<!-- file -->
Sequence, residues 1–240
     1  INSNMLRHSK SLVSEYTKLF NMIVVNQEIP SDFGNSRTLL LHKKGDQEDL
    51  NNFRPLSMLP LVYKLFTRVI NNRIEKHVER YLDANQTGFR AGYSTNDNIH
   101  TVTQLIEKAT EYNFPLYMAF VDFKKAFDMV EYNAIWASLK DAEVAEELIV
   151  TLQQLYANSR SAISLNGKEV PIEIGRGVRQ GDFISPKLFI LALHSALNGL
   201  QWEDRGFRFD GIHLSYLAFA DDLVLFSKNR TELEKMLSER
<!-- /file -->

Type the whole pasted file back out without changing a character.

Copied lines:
Sequence, residues 1–240
     1  INSNMLRHSK SLVSEYTKLF NMIVVNQEIP SDFGNSRTLL LHKKGDQEDL
    51  NNFRPLSMLP LVYKLFTRVI NNRIEKHVER YLDANQTGFR AGYSTNDNIH
   101  TVTQLIEKAT EYNFPLYMAF VDFKKAFDMV EYNAIWASLK DAEVAEELIV
   151  TLQQLYANSR SAISLNGKEV PIEIGRGVRQ GDFISPKLFI LALHSALNGL
   201  QWEDRGFRFD GIHLSYLAFA DDLVLFSKNR TELEKMLSER